However, many small business owners discover that the people they’ve lured away from large organizations aren’t a good fit. These people may be accustomed to narrower duties, superiors telling them what to do (thus uncomfortable taking initiative), having a lot of support staff (thus not resourceful at getting things done). But by far the worst quality is exhibiting “employee mentality” rather than the “entrepreneur mentality” needed in a small, dynamic firm. And I’m talking about top-level managers!

So it’s essential to make sure that the “corporate escapees” you hire are comfortable in your small business culture.

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Our political leaders—from President Obama and Speaker Pelosi on down through Congressman Waxman to all the state governments—say wonderful things about small business:
— Small business is the engine of job creation
— It’s the embodiment of our entrepreneurial spirit
— It’s a major source of innovation
— It’s the way up for immigrants
— It’s the new chance for people laid off by declining industries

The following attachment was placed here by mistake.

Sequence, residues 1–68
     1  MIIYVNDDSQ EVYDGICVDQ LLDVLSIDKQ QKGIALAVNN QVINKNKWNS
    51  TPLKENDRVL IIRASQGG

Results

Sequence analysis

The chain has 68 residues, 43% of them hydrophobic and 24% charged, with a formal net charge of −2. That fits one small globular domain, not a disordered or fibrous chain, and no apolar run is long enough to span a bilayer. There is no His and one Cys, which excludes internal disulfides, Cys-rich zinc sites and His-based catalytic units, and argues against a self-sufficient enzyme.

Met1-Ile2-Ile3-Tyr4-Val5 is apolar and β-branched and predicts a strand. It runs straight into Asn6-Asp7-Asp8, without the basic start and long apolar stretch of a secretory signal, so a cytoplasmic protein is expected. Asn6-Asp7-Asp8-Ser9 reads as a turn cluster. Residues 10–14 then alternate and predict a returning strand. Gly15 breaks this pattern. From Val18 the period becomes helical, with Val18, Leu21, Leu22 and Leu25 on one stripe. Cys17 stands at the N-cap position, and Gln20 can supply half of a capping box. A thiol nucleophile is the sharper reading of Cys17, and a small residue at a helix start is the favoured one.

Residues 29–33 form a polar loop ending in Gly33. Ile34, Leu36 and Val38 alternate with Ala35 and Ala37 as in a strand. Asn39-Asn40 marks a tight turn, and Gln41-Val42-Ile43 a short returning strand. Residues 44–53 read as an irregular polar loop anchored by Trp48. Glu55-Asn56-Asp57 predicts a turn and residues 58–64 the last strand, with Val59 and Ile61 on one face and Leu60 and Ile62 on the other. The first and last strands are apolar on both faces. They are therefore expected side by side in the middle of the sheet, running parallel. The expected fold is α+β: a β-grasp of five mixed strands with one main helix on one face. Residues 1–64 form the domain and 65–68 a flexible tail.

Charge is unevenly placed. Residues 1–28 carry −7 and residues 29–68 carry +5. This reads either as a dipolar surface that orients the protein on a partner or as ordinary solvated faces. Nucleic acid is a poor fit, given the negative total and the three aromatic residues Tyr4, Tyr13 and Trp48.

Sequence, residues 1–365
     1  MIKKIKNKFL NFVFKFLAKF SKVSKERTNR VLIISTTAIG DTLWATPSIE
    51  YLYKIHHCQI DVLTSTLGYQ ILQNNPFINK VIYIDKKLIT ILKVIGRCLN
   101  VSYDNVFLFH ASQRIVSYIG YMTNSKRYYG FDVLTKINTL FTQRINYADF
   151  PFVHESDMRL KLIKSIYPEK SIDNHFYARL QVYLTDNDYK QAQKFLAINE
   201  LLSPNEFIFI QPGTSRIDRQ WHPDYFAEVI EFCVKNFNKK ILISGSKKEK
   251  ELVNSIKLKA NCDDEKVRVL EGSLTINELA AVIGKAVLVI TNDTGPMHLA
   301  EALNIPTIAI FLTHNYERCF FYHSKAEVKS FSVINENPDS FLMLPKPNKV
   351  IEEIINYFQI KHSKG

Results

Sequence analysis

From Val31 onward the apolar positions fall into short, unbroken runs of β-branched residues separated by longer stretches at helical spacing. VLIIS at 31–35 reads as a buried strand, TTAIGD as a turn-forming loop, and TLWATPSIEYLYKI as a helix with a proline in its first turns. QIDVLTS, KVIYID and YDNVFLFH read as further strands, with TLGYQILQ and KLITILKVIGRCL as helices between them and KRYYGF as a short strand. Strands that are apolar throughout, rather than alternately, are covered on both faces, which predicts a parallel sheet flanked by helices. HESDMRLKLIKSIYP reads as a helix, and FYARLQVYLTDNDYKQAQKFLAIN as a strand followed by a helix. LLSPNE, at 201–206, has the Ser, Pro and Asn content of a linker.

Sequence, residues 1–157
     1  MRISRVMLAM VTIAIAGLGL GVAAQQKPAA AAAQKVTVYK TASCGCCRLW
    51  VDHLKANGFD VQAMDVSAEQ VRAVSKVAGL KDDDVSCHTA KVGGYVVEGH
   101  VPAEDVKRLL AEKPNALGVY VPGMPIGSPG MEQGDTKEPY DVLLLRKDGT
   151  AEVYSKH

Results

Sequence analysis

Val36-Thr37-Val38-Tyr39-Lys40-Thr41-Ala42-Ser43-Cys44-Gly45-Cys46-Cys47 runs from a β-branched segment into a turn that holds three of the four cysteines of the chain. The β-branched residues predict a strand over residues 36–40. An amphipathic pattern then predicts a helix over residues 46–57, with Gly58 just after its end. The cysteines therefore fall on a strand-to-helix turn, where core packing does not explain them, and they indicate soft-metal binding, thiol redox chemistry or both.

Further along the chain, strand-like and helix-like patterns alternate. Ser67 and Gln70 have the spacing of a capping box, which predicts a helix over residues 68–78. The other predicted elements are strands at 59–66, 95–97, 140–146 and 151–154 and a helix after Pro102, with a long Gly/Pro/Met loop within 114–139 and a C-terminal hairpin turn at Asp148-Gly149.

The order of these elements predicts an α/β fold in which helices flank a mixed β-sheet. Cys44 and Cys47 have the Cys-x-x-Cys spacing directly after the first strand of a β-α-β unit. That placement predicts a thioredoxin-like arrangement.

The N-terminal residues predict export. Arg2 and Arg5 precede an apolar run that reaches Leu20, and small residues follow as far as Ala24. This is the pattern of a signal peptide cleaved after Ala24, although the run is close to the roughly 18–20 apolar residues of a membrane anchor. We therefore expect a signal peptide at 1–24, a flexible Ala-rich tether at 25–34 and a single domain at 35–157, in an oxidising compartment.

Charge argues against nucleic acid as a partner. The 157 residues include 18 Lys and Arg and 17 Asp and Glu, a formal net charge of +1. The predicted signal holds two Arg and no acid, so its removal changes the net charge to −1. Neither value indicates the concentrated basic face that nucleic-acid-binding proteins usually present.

— It’s the way to keep work at home that would otherwise go to India or China
— It provides the local products and services we all cherish over the big-box mega-chains
— It provides flexible, part-time, low-skilled, and entry-level jobs for people who often have trouble finding a niche in the workforce.
— It perpetuates a class of responsible, involved, financially aware citizens who pass these values along to the next generation.

But contrast what our leaders say with what they do. Governments at all levels view small business (I’m talking about owner-run businesses) as the piggybank from which to shake a few coins every time more revenue is needed. We are the designated “tax paying class.”